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CD Radio, Renamed, Adds Studio

CD Radio, one of two companies planning satellite digital audio radio (SDAR) service, changed its name to Sirius Satellite Radio and completed construction of its 100,000-square-foot national broadcast and production studios in Manhattan.

The company plans to launch the first of three satellites in 2000 and will begin offering 100 channels of programming to consumers in late 2000.

SDAR competitor XM Satellite Radio plans early-2001 commercial service.

Sirius adopted its new name “to create a stronger, clearer brand name” as it approached the commercial launch of service, said senior marketing VP Ira Bahr. “The old name had some confusing and limiting aspects to it.”

Some people misunderstood CD Radio for CB radio, marketing VP Terrence Sweeney told TWICE, but “probably the biggest reason for changing our name is that CD refers to a particular technology that isn’t associated with our service.” In addition, he said, “CD is but one digital technology that’s not necessarily the most cutting-edge technology. Back in 1990 when we coined the name, CD was just exploding on the scene.”

The new name refers to the brightest star in the sky in the constellation Canis Major, the company said.

From its Manhattan studios, Sirius will create original programming for the service’s 50 music channels, record live performances and radio dramas, monitor and control the service’s three satellites, and store 4.2 terabytes of programming on hard drives for delivery to the satellites.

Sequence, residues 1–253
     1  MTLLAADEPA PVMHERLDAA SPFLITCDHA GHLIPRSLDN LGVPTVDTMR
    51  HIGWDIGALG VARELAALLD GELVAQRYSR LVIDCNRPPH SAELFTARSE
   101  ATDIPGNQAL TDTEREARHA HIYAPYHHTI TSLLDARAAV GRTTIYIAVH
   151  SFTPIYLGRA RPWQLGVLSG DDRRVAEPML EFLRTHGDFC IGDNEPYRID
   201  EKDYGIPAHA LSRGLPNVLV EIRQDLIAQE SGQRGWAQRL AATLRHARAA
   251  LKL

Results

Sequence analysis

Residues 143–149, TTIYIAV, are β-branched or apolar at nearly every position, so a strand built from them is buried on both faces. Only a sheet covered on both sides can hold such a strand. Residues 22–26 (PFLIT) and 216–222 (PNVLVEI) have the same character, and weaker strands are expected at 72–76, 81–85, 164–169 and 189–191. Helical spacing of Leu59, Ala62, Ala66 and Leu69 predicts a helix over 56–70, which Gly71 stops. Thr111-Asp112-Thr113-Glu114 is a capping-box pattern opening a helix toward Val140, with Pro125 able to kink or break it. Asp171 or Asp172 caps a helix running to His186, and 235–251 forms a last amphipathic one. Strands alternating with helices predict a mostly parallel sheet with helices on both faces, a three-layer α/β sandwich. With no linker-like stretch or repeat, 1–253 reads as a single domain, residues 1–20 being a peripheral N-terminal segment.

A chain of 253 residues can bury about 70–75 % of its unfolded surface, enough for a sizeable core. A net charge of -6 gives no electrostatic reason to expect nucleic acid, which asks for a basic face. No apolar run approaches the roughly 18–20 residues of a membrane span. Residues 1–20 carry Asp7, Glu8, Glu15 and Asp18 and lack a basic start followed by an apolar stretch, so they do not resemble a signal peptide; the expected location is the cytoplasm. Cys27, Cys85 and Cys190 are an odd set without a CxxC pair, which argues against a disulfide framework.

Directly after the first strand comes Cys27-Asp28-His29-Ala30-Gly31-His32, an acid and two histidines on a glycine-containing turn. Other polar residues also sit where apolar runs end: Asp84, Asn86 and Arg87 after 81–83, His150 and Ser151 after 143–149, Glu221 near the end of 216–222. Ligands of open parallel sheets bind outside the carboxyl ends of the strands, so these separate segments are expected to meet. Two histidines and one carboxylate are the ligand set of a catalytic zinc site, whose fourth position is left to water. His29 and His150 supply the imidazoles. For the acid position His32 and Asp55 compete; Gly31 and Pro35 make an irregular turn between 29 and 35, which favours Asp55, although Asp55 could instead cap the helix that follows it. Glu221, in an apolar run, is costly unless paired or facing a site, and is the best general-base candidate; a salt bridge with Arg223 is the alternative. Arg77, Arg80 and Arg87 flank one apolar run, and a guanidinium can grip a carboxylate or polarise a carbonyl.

Sirius is creating music programming rather than leasing its channels because “we want quality control, given the $9.95/month subscription fee,” said marketing VP Terrence Sweeney. Sirius programmers include longtime classic rock DJ Pat St. John, and famous artists such as Sting are creative consultants.

Up to 50 channels of commercial news, sports, talk and entertainment programming are also in development. Entertainment programming will include radio dramas developed for the service by cable TV’s Sci Fi Channel. Classic radio dramas such as “The Shadow” are also planned. Other content partners include NPR, Bloomberg News Radio and C-Span.

Sweeney stressed that the music channels would be commercial-free and said, “the number one attribute [cited by consumers in proprietary research] is commercial-free music.” Following closely behind are digital sound, more programming choices, and the ability to travel long distances without service interruptions.

Three Loral-designed and -built satellites will be launched next year by a division of Lockheed/Martin on a Russian-made Proton rocket from Kazakhstan. The first launch is scheduled for January. All three will circle the globe in a North-South orbit, but at any one time, two will be broadcasting simultaneously above the U.S.

The satellites’ orbits ensure that at any one time, one satellite is a minimum of 60 degrees above the horizon line everywhere in the country, in some places as high as 80 degrees, Sweeney said. The second satellite will be a minimum of 40 degrees above the horizon.

In most cases, the orbits will deliver unobstructed reception of the satellites’ line-of-sight broadcasts. In 45 markets across the country, however, the company is building a total of 105 terrestrial repeaters to fill in coverage gaps caused by tall buildings or mountains, he said.

Sirius would have required thousands of terrestrial repeaters if the company hadn’t decided about two years ago to change its original plans for two geostationary satellites hovering over the equator, Sweeney said.